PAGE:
Effects of a web-based strategic, interactive computer application (fun fraction) on the performance of middle school students with learning disabilities in solving word problems with fractions and multiplication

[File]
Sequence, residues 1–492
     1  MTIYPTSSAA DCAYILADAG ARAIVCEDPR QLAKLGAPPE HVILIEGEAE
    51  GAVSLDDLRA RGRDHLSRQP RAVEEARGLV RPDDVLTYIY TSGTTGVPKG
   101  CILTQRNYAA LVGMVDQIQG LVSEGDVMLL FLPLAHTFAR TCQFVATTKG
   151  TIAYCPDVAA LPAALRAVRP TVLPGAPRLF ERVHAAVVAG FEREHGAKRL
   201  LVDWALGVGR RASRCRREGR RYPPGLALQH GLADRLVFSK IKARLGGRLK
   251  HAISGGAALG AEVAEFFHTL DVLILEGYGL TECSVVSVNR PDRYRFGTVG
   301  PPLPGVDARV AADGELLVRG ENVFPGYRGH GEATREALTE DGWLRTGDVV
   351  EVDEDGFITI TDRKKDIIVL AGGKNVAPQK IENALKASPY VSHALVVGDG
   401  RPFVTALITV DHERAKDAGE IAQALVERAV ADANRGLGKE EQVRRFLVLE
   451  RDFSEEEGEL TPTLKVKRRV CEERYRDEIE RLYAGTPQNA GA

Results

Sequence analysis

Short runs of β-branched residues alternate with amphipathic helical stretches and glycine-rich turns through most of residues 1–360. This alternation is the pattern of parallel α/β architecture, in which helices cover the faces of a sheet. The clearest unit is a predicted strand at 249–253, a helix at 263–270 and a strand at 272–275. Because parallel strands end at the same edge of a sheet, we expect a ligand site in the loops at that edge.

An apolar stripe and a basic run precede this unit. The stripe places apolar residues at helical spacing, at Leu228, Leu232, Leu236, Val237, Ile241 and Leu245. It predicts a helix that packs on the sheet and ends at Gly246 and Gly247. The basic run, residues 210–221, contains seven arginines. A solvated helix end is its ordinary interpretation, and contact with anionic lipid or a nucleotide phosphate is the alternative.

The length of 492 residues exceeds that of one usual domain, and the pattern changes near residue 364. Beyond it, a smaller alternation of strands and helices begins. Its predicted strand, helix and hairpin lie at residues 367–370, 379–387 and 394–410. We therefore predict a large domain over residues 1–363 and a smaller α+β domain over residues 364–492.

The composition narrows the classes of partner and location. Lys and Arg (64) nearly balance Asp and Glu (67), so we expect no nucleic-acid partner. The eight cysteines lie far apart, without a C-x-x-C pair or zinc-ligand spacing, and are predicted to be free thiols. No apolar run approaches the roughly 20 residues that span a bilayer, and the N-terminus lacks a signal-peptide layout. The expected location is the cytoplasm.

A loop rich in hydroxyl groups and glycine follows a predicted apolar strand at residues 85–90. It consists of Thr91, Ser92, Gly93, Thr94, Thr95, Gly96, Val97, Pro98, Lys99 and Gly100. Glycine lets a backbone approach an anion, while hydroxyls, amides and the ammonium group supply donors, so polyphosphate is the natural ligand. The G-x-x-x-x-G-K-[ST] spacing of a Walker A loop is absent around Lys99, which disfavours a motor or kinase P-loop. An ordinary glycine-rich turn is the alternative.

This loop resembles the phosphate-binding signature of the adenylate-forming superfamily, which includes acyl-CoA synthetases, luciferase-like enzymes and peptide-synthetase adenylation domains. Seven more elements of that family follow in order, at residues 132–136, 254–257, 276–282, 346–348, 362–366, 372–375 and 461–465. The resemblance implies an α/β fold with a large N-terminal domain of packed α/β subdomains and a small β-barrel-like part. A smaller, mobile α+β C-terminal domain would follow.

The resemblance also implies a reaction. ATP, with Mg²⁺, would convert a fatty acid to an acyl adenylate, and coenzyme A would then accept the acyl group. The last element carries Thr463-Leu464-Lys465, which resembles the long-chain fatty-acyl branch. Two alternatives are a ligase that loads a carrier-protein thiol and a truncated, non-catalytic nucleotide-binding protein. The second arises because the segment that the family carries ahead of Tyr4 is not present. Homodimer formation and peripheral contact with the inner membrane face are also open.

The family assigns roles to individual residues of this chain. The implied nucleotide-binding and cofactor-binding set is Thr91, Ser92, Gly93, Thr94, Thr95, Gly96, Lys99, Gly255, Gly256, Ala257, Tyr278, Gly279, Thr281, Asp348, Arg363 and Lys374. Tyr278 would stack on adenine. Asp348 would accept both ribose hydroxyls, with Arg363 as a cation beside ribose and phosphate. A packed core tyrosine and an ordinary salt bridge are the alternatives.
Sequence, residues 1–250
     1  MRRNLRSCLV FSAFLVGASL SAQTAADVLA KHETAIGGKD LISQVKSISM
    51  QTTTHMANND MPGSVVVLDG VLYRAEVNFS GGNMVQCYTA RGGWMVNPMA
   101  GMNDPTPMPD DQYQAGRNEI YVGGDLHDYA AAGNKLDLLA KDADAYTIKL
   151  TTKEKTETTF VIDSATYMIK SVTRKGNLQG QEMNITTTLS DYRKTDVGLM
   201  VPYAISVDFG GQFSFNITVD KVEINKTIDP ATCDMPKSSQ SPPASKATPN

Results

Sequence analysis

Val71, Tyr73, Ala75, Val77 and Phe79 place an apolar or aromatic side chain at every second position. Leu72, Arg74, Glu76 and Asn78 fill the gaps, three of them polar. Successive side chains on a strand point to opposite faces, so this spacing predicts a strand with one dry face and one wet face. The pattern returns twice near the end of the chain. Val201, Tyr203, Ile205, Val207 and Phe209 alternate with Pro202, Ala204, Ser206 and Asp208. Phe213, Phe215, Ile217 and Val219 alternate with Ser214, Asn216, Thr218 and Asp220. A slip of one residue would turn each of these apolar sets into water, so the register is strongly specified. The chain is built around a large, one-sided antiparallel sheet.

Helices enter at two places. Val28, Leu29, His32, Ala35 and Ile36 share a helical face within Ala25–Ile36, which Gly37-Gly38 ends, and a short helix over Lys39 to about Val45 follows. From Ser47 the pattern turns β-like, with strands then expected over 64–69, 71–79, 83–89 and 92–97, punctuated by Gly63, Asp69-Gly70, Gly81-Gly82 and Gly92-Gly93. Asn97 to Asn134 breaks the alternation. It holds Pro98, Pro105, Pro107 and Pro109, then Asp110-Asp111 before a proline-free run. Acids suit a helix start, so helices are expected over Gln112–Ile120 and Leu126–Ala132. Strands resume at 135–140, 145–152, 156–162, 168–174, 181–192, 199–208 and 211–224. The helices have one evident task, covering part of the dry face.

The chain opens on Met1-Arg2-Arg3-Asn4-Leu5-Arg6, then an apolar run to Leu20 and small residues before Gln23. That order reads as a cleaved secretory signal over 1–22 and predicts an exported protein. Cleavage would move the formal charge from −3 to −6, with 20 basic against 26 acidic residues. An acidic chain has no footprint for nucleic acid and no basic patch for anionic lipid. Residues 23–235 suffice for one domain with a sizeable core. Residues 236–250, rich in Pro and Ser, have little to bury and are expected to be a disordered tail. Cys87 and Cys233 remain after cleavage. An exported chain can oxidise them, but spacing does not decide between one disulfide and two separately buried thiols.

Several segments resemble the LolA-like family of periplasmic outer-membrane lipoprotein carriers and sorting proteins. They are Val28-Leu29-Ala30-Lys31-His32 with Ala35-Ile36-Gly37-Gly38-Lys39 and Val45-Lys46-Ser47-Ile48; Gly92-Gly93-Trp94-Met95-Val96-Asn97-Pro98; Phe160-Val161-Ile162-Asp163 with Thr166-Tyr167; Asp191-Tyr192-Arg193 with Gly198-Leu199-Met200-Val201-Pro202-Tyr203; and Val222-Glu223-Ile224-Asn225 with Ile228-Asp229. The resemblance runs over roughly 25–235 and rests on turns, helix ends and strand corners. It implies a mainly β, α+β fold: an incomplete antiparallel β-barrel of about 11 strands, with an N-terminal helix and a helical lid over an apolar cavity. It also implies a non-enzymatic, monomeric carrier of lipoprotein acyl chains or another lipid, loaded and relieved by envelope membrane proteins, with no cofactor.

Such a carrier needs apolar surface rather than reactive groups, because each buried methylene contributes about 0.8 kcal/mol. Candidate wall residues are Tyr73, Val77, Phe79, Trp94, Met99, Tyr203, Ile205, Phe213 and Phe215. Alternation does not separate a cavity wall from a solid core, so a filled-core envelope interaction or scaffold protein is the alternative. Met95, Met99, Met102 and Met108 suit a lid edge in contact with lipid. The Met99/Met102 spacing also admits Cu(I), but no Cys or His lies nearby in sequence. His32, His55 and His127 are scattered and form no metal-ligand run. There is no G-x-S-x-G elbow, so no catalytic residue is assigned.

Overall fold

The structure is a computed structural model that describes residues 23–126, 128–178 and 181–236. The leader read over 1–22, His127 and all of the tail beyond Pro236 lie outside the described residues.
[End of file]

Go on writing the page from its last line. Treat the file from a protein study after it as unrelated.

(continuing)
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The purpose of this study was to investigate the effects of a web-based strategic, interactive computer application (Fun Fraction) on the ability of middle school students with LD, who have mathematics goals on their IEPs, to solve word problems with fractions and multiplication including two factors of a whole number (less than or equal to 4) and proper fractions. A multiple-probe single case research design across subjects was applied for the study. Three middle school students with learning disabilities participated in baseline, intervention, and maintenance test sessions over a 13-week period. Findings showed that there was an experimental effect for all three students, tested on their instructional probes; students' performance improved from baseline to intervention phases after receiving instruction through Fun Fraction. John and Alec reached the mastery level of 80% on two of the three review days. The level of change from baseline to intervention phases ranged from 28.67% to 68.89%. Even through there was no immediacy effect for John, the trend of his data (10.33) revealed a substantial growth in general. Additionally, the percentage of data showing improvement between baseline and intervention phases was 70% for Tiffany, 56% for John, and 100% for Alec. In particular, the improvement trend of Alec's data was statistically significant (Tau[subscript novlap] = 1, p < .05, CI 90% = .341<>1.659). All of them reached 80% accuracy percentage on their one-time maintenance tests. Regarding the three problem types of combine, partition, and compare for each representation and equation question, students struggled the most with combine representation questions and showed relatively better competence in compare equation questions. A learning-related social validity questionnaire and usability questionnaire indicated that students liked learning through Fun Fraction and recognized well the useful interaction design features embedded in Fun Fraction. Cognitive and metacognitive strategy questionnaires also indicated that students liked the represent strategy that allowed students to manipulate the rectangular area model, and students expressed positive views on the thinking process through metacognitive strategies embedded in Fun Fraction.